TAKE 5 - President Jere W. Morehead on engaging students
Q: UGA enrolls some of the brightest high school graduates from Georgia and around the country. Why is it necessary to offer them programs like First-Year Odyssey seminars and the Freshman College Summer Experience?
A: We have an obligation to provide these outstanding students with an extraordinary undergraduate experience. Making sure our students have early contact with tenured and tenure-track faculty ensures that we give our students an enriching experience not always present at other major universities. As someone who has taught in the Odyssey program, I know that our students value the chance to get to know their professors in a small seminar setting. It prompts the kind of learning that sets us apart.
Q: The Center for Undergraduate Research Opportunities is enrolling more first-year students. How does this complement their core academic curriculum?
A: When I served as director of the Honors Program, I had the chance to play a role in building CURO. I had no idea then it could ever become what it is now—a first-class program that cuts across the entire campus and provides the mechanism for undergraduate students to work closely with our faculty on research projects. These sorts of out-of-class experiences complement what our faculty do in the classroom and give our students a richer academic experience.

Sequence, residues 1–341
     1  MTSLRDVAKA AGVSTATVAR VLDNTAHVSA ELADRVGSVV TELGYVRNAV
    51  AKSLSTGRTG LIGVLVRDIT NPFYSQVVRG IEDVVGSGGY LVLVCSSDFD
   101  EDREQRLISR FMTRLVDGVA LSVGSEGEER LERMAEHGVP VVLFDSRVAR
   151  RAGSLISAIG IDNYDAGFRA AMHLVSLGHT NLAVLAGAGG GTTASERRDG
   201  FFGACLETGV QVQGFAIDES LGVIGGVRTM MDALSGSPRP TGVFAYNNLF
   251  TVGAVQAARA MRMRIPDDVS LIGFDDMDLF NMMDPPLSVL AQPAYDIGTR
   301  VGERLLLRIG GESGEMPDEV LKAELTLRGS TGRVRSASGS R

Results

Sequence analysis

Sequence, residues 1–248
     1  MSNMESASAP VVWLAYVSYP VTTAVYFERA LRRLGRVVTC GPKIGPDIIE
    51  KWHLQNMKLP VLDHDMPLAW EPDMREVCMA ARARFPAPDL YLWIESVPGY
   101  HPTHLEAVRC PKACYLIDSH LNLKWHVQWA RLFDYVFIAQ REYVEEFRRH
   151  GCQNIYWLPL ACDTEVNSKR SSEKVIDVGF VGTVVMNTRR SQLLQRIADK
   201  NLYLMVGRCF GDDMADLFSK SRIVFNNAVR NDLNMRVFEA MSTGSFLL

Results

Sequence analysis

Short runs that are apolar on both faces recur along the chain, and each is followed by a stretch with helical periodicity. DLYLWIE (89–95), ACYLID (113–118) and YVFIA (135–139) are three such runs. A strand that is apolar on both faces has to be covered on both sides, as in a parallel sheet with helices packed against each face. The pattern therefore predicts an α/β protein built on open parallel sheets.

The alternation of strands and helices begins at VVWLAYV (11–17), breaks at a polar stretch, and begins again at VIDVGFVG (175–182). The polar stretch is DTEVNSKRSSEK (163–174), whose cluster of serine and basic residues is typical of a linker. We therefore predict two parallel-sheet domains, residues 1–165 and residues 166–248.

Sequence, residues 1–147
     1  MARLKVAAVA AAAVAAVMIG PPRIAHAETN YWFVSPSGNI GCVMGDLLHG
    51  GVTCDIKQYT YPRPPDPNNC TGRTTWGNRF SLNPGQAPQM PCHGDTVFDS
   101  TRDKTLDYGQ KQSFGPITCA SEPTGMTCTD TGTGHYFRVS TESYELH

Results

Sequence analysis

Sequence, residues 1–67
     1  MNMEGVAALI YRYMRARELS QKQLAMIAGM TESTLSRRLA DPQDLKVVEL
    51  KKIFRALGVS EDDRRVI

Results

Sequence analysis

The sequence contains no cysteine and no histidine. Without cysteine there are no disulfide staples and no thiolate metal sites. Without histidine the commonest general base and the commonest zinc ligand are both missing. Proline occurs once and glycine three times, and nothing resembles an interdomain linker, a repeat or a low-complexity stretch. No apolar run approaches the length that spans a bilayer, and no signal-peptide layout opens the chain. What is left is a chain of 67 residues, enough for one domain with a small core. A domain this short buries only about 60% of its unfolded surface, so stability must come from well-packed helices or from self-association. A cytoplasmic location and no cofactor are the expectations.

Q: Are there disciplines in which you would like to see undergraduate research expand?
A: Ideally, I would like to see undergraduate research opportunities in every academic discipline. The goal is to see more of our best students choose this option. From my conversations with the faculty, I believe they find this kind of work with our students to be particularly meaningful and rewarding. It’s what a great university should be about—linking our faculty with our students at every opportunity.
Q: What role does international education play in retaining and graduating students?
A: Thanks to so many individuals at UGA, we have one of the broadest and largest international education programs in the country. We believe these opportunities provide our students with unique experiences to leave their comfort zones and engage in challenging and innovative programs that enrich their undergraduate education.
Q: How do UGA’s freshman programs compare nationally?
A: I am pleased that we were recently given a grade of A by the American Council of Trustees and Alumni for the quality of our core curriculum. This recognition provides some evidence we are doing the right things. Our 94 percent freshman-to-sophomore retention rate is further evidence that we are doing well. However, I do not think we should ever be satisfied with the status quo. We want to strive for even higher graduation rates and more programs that will ensure our students leave here as successful graduates.
Graduate students Michael Levine (left) and Jessica Machacek pull a silk screen print onto T-shirts during an open house at the Lamar Dodd School of Art. Part of UGA’s second Spotlight on the Arts festival, the open house also included demonstrations in painting and drawing, ceramics and other disciplines. Held Nov. 7-15, Spotlight on the Arts featured more than 60 events across campus—concerts, theater and dance performances, art exhibitions, poetry readings, film festivals, discussions on the arts and creativity and more. Student-organized events included flash mobs and a campus-wide, interactive game of Clue. Photo by Peter Frey.